Radium overpass donation campaign draws two huge contributions on first day

By Steve Hubrecht
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The Radium bighorn sheep herd continues to generate plenty of attention, and is now even generating some considerable donations toward an overpass to help reduce the number of sheep being hit by traffic.

As the Pioneer reported last week, plans are afoot for a wildlife overpass over Highway 93/95 near Radium Hot Springs and for extra tall wildlife fencing stretching south from the village to Dry Gulch. The Village of Radium Hot Springs has set up an option on its website to allow the public to donate to help get the ball rolling even sooner of the $4 million project.

The donation option went live on Monday, Feb. 7, and on that first day, two huge donations — one for $20,000 and another for $10,000 came in.

“There’s a lot of interest in the bighorns,” Radium mayor Clara Reinhardt told the Pioneer on Feb. 7.

The $10,000 donation came from a senior Cranbrook resident, and the $20,000 donation came from the Shaunessy family trust.
An additional $1,000 in various smaller amounts has also been donated, and Reinhardt said she suspects even more may come in soon since “there have been people calling from all over Canada to ask how to donate.”

The village will figure out a way to track the donations online, using a digital thermometer or something similar, for instance, and updating it daily, so the public can see how much has been raised.

“Our goal is $400,000, which is 10 per cent of the total cost,” said Reinhardt.

The provincial Ministry of Transportation and Infrastructure (MOTI) has committed $1.5 million to $1.6 million toward the overpass and fencing, and ministry representatives had told Radium officials that a public show of interest would help them leverage more provincial funding for the project.

Radium’s resident bighorn herd has for years suffered noticeable increases in vehicle-related fatalities during the fall rut, in winter, and in spring, when heavy snow cover in the hills and mountains sees them favour grazing in town and — frequently — on the slopes right beside the highway near the village. This past year ,the already alarming trend got considerably worse, coinciding with a dramatic surge in local traffic resulting from TransCanada Highway closures that have rerouted all cross country traffic down Highway 93 South to Radium, then north to Golden up Highway 95.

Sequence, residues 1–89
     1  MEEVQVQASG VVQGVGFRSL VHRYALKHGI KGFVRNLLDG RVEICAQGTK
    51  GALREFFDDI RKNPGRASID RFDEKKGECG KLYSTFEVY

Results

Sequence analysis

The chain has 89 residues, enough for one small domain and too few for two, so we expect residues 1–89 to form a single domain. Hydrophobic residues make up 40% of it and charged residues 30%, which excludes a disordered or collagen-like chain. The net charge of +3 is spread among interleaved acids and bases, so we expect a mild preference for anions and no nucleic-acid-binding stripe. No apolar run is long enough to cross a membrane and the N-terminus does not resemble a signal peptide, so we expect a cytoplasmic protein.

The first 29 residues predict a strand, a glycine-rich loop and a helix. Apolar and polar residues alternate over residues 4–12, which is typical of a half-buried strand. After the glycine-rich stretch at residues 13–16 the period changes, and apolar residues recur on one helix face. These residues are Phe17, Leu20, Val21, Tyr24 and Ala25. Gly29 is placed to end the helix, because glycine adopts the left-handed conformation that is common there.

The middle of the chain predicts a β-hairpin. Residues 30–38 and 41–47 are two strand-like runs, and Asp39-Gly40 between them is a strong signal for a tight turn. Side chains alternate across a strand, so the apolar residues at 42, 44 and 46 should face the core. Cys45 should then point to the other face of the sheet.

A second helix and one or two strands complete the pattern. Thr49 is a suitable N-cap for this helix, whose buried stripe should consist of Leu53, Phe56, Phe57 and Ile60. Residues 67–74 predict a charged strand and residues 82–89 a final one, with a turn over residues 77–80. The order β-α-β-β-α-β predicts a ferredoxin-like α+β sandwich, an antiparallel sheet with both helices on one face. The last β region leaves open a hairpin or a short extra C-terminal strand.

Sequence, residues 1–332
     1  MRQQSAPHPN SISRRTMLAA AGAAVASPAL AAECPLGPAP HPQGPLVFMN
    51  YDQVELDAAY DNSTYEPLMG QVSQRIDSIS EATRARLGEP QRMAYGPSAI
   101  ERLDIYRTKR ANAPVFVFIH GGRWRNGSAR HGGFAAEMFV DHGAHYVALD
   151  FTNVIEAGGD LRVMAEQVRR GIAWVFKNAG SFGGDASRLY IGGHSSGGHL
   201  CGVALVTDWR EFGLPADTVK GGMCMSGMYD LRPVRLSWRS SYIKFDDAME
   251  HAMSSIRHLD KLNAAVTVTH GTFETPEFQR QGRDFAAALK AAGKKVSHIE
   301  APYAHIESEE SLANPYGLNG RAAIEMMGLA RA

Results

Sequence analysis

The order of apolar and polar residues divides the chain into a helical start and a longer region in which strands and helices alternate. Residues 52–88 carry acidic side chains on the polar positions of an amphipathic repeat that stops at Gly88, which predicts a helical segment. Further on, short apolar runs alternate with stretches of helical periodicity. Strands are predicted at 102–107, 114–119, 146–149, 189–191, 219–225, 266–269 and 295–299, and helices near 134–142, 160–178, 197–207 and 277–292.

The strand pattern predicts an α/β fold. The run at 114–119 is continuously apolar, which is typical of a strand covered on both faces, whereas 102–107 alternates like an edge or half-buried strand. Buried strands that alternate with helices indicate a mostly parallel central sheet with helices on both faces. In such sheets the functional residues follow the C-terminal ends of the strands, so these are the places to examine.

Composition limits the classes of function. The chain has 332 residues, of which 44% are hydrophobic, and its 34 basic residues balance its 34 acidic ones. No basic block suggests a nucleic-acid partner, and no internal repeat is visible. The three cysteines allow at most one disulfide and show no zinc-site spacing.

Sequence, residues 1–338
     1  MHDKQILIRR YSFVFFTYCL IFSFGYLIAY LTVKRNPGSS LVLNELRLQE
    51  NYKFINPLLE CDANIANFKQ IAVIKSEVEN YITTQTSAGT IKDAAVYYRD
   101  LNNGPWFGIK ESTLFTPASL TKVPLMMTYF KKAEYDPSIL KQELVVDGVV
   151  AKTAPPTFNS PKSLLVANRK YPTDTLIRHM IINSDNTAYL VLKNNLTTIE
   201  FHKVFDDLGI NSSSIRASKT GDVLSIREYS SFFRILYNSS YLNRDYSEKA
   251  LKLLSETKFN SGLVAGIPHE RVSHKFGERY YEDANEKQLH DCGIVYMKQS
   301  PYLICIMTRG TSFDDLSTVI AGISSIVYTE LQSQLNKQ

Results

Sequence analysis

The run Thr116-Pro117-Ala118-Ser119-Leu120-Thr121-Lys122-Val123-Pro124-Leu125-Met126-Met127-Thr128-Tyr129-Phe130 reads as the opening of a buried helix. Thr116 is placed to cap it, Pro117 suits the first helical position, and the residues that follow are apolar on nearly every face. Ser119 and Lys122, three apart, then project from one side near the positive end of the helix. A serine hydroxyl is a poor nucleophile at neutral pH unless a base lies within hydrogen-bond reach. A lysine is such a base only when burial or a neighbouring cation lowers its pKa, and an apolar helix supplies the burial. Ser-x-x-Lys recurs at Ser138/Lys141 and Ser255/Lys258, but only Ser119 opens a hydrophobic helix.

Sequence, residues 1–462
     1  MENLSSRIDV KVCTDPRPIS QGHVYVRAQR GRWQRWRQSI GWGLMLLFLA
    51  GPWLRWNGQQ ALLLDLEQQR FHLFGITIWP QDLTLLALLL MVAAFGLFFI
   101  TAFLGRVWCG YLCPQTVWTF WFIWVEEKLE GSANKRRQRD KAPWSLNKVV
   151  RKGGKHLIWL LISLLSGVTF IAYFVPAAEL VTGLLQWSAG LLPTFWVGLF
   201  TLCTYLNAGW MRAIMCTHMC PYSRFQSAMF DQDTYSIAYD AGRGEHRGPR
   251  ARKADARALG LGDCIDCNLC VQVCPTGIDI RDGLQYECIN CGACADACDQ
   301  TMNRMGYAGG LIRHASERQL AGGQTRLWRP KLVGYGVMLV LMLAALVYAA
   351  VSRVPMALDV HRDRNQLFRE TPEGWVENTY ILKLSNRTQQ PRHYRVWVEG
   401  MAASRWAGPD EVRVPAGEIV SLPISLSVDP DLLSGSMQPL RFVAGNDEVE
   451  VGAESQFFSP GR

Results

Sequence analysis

The end result was 15 bighorns killed in 2021, compared with an annual average of 10 in recent years.
A stakeholder meeting on wildlife issues as well as general traffic safety was held on Tuesday, Feb. 1, involving 24 officials from local governments, Parks Canada, the RCMP, and senior MOTI staff.

Columbia River-Revelstoke MLA Doug Clovechok, who helped organize the meeting, explained the bighorn issue (and a similar situation for other wildlife) has been a concern for many years, and the issue of traffic safety along Highway 93 South, Highway 93/95, and Highway 95 between Golden and Radium has become an even bigger issue than it was before with TransCanada closures

“People are obviously concerned,” said Clovechok. “So I was very pleased with the meeting. The representation and the senior level of the provincial staff present is a testament to the work that’s been done — and I should point out that many parties, including MOTI, have been working on this issue for a long time now — and it’s a testament to how serious the issue is.”
Clovechok said it’s a complex issue and there were “no magic bullet solutions” but it was a fulsome discussion.

He noted that MOTI is planning to employ members of local First Nations to sit on the Radium hill (a site where many sheep are hit) in cars during peak traffic seasons and monitor vehicles to help get people to slow down, and that $250,000 has already been spent developing a concept for the overpass.

“At the end of the day, it seems the overpass and the fencing, although expensive, are the best answer. Because if you keep the sheep off the highway, they’re not going to get hit,” said Clovechok. “It isn’t going to be an overnight solution. It’s a $4 million project. It will be a long road, but we’ll get there.”

He noted that aside from the bighorn sheep, eight bears had been hit and killed on local highways in the last little while.

“Wildlife management needs to be improved across B.C. And I don’t want to be partisan on that: the NDP are in power now, but when the Liberals were in charge (from 2001 to 2017) we didn’t do a good job on wildlife management either,” said Clovechok. “This place used to be called the Serengeti of the Kootenay region, and as an elk hunter I can tell you, it’s sure not the Serengeti any more.”